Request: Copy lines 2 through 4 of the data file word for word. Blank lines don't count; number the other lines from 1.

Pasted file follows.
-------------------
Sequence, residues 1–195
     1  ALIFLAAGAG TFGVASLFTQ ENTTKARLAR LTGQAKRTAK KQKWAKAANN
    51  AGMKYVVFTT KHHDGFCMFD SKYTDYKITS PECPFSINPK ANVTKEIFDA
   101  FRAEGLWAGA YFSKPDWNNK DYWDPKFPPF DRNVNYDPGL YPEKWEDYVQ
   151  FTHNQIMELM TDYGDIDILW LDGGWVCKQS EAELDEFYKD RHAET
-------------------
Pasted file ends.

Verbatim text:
     1  ALIFLAAGAG TFGVASLFTQ ENTTKARLAR LTGQAKRTAK KQKWAKAANN
    51  AGMKYVVFTT KHHDGFCMFD SKYTDYKITS PECPFSINPK ANVTKEIFDA
   101  FRAEGLWAGA YFSKPDWNNK DYWDPKFPPF DRNVNYDPGL YPEKWEDYVQ